Lethbridge Herald, The (Newspaper) - December 27, 1972, Lethbridge, Alberta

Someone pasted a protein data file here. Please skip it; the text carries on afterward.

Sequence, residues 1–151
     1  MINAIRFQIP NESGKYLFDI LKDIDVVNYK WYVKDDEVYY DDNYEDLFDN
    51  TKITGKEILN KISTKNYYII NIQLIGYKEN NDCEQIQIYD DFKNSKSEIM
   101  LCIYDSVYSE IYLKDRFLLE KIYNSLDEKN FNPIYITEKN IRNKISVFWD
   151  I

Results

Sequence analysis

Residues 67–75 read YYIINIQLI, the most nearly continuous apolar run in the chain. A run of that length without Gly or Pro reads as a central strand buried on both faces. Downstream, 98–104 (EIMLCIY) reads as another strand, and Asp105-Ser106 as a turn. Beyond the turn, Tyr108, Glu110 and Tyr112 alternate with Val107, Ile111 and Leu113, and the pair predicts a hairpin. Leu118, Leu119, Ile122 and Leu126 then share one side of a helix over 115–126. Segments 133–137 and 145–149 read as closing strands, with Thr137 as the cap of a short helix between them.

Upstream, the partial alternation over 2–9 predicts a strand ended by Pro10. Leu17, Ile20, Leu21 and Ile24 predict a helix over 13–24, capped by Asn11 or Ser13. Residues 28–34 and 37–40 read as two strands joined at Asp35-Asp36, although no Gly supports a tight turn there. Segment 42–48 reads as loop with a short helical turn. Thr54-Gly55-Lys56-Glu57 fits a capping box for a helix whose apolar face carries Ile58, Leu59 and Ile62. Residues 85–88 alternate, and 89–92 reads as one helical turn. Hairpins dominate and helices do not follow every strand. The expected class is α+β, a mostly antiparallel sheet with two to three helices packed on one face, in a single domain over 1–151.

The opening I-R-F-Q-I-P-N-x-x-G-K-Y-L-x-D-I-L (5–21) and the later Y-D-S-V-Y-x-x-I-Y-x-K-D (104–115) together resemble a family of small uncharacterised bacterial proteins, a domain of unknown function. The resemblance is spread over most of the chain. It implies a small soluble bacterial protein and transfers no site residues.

37, 1972 THI LITHUIDGE HEIALO 19 Arthritis on upswing BOSTON (CP) The alarm- tag rise of venereal disease is causing an increase in a poten- tially crippling form of arthritis caused by gonorrhea bacteria. "Gonococcal arthritis is one of the most major complica- tions of gonorrhea outside the genital-urinary says Dr. Kenneth D. Rraadt, assistant professor of medicine at Boston University School of Medicine. Brandt and other arthritis spe- cialists voiced concern over the resurgence of gonococcal arth- ritis at national medical meet- ings of Toe Arthritis Foundation. Brandt said that while most lorms of arthritis, a disease which inflames and swells bone joints, are not caused by infec- tions, the gonoccocal variety is caused by the same bacteria which produce gonorrhea. The disease is much more common in women thj> men, Brandt said, because the female often shows no symptoms of having gonorrhea acd is not treated until sigrs of the arth- ritis appear. Brandt said that while gonoc- coccal arthritis is again on the increase, it is in no way propor- tional to the increase in go- norrhea. "The majority of the people with gonorrhea doajt get gonoc- eoccal arthritis and we don't know exactly Braadt said. calendar of local kapper. The Christian Science testi- mony meeting will be held to- night at p.m. in the church auditorium, 1203 4th Ave. S. Ev- eryone welcome. FAMILY ALBUM Jacqueline Onassis, left, her sister Lee Radziwitl, end their dog Hans are shown in this 1938 photograph appearing in the January issue of Ladies' Home Journal. The magazine is publishing an excerpt from Mrs- RadziwiiJ's forthcoming book dealing with her childhood reminiscences. (A? Wirephoto) Priority problems of elderly people tackled by group By JEAN SHARP CP Women's Editor TORONTO (CP) A pool of retired skilled workers Trill- ing to provide services at cost might help elderly people stay in their own homes. A buzzer alarm system asd buddy systems of visitors or tekphoners are a reassurance for elderly people afraid no one win know if they are stricken by illness or acci- dent- Manageable steps in buses and ramps or elevators in buildings make it possible for the elderly to get around, AH of those suggestions oa how to lend a little ease to -their lives came from senior citizens attending meetings called by the section on aging of the Ontario Welfare Coun- ciL The section is working with aerator citizen groups, with individuals and with -social agencies that deal with to find out what the priority problems are and what might be done to relieve them. PUBLIC WILL HEAR The results will be presented to governments and to the public in the hope that they'll be acted on. The s e c t i o n 's provincial committee began by drawing up 10 goals. Social workers and senior citizens have been asked to comment on them at two meetings. A third is to be held soon. So far, Eving accommoda- tion, income, transportation and in-home services, in that order, have been emerging as top priorities. The other goals include in- volvement of the elderly in planning for them, training for those who work with old people, improvement of the quality of life in institutional care, the establishment of multi-purpose senior citizen centres and day care and standards of construction and transportation that make it possible for the elderly or handicapped to move around the community. Through aH the comments made by the elderly comes a reminder that they value their dignity, privacy and independ- ence as much as anyone and that their individual abilities vary as they do in any other age group. Where there is no severe in- firmity or want involved, the consensus seemed to be that j help with the smaller worries within large worries would be the boon Deeded to keep many of the elderly independent. People who have their owa homes sometimes find the cost and physical effort of re- pairs and maintenance too much. That led to the sugges- tion that there might be a pool of retired skilled people or some other source of re- duced cost help with painting aid electric work. NERVOUS ABOUT LOCKS Some people in apartments for the aged are nervous if -they cave to lock their doors because they are afraid of not being able to get seeded help. They suggested buzzer sys- tems should be installed in aE homes for the aged- They sug- gested arrangements to keep in- touch daiiy with any old. person living alone to be sure be or see is all right Help with shopping in the form of picking up orders or offering drives home would be welcome. An understanding among volunteers asd professionals of how to work with toe aged would be appreciated. People at the meetings said old peo- ple may be hostile because of- fers of help seem a threat to their pride, and the hostility must be understood and over- come. Small things such as lounges in stores and informa- tion cards to take the fuss out of hospital registration were mentioned. So was the larger fact that people of advanced years would like to be consulted on their needs. Carrie Genik, a consultant with the Ontario Welfare Council, said the percentage of retired people in the popu- lation is increasing rapidly as people live longer and retire- ment ages drop. SIMPSONS-SEARS SEWING MACHINE RENTAL Lett of mtnding to do? A weddinf toon? A ytn to bt creativt? Rtnf and Stw with a gorgtout KENMORE ZIG ZAG from Simptont-Ston 329-9231 Or Drop In At Simpsons-Sears, Centre Village Mall for Complttt Dttailt Landers DEAR ANN LANDERS: Are you going to deal with this problem in print and help thousands of young people who don't know what to do or where to turn? Or will you play it safe and duck it? Well see. The problem is young girls who are molested by their fathers and stepfathers. What if a girl tells her mother and then the mother doesn't believe it? Or worse yet, what if the mother knows it's true but is afraid to say anything? Too often the family feels sorry for the old man he's an alcoholic and gets drunk and doesn't know what he's doing. Or maybe he's mentally which is sup- posted to make his fault." Drunk or sober, insane or not, rich, or poor, what do you think ought to be done about these men? And what should be done about mothers who know what's going on but protect the molester at the expense of the" chUd? Someone like you should deal with this hideous problem. How about it? You DEAR TRUSTING: I HAVE dealt wife this problem- many I wifl continue to do so. First, not every girl who complains is telling the truth. Some are indulging in fantasies and others are seductive little sexpots in competi- tion with their mothers. My advice is the same to aH girls who are bothered by a dirty old it father, step-dad, older cousin, a uncle." neighbor, etc.: Here it is again: Tell him he ever comes near you again that you will tell your mother. But you must MEAN it If year mother refuses to get him to a counsellor and be continues to bother you. go to an aunt, a teacher, a minister, a doctor, anyone who will listen. If you REALLY don't want a lecherous male who is unquestionably sick in the head to molest you, you CAN see to it that he doesn't, DEAR ANN LANDERS: I was disgusted with that letter from Omaha. I always thought you saw the kid's point of view but maybe I was wrong. You found room in your column for that anti-teen blast. I hope you can find room for my letter. Always we bear plaintive cries of parents: "Why don't you earn some money? Get off our backs. Make yourself useful" I would like to offer some suggestions to these same adults who seem to know lots of ways teens can improve themselves. Instead of asking us to do so many tilings, why don't YOU remove the storm windows, rake the leaves, shovel the snow, learn how to cook, scrub the floors, read to a blind per- son or tutor the handicapped child? j Instead of thinking up "constructive activities" for teen- agers, why don't you stay home once in awhile and bake something, cook something or sew something? Get off the phone. Pass up a bridge game. And when you get through with your housework and responsibilities to your family, you can go to the nearest park and pick up the litter. It will be good for your waistline. Most of you are too darned fat. From A Teenager In Portland DEAR TEENAGER: Here's your letter and I must say there is a lot of truth in it. Especially your last sentence. DEAR ANN LANDERS: My dear sister just lost her hus- band to cancer. She bad her children late in life and now she must go out and make a living. Unfortunately, she looks every day of her 52 years. I've urged her to get a face-lift. Will you recommend a doctor? I've seen some lifts that were flops and I'd feel terrible if my sister had one on my say-so and was ruined. Thank you for your help. DEAR HOPE: You thanked me too soon. I am not going to make any recommendations. The success of a face-lift de- >ends on many factors, in addition to the skill of the example, the texture of the skin, the amount of yprk that needs to be done. Also the expectations of the patient. (Is she hoping for a Your sister should consult her 'amily physician. Professors claim male discrimination SASKATOON (CP) Two law professors at the Univer- sity of Saskatchewan cay it's time to change laws that dis- criminate against men. Husbands do not have any right to receive support from their wives under Saskatch- ewan legislation, Terry Wuester and Ivan Saunders said in an interview here. A husband is bound by law to support his wife and children, but a wife is not legally forced to support her husband. Prof. Wuester said there is an inconsistency between the thinking of the provincial and federal governments. Under the Federal Divorce Act, a woman can be ordered to pay her hus- band maintenance if she is in a better financial position. Both professors agreed that if a marriage breaks up after a short time, and if there are no children involved, a man should not be required to support the woman indefinitely. An excep- tion would be the case of an abandoned woman who worked to pat her husband through uni- versity. Prof, Wuester also said men complain about the Homestead act "which discriminat against them" If a woman in Saskatchewan marries a man who has a homestead, and she lives on tie property for only one day, he can't dispose of the land with- out her signature. But if a man marries a woman who has a title to a homestead, rite can sell the property without her husband's signature. The professors also say men face discrimination over cus- tody of Chilian in broken mar- riages. Prof. Sauaders said it is bias- ed to make the assumption feat the wife should raise the chil- dren. There are DO services for courts to properly deterrniae which partoer would be better suited to raise the children. "It is 9. presumption to think a wile is the best partner to bring up the said Prof. "Legislation will sot solve tbese problems unless money is spent on seeing tbese laws trt fojplemezied." you paid for now get your money back From the first of January, the new Alberta Beverage Con- tainer Act assures a more con- venient simpler method of return- ing your empty beverage containers for' refund. SAVE THEM UP CASH THEM IN! Container depots, located in Aiberta, will give you a cash refund for ail soft drink containers bottles and cans and for ail wine and liquor bottles sold after January them To find out where'these depots are located, took for posters in all stores selling beverages, .ft will ten you the name, address business hours of two near- by depots, It's as easy as that. And for added conven- ience, your iocal stores wiii continue to accept for refund, refiliabie containers of the types and brands sold there. All beer containers will continue to be ac- cepted only by Alberta Brewers' Agents depots. Recycling is profitable for you. and good for AJberta's environment. xflborra ENVIRONMENT Address any (enquiries or complaints regartfirg Beverage Container Act to: Special Services Branch, Department of Environment. Street. Edmonton T5J OZS or Division of 'PoBufoft Control, J. J. Bowlen Calcaiy.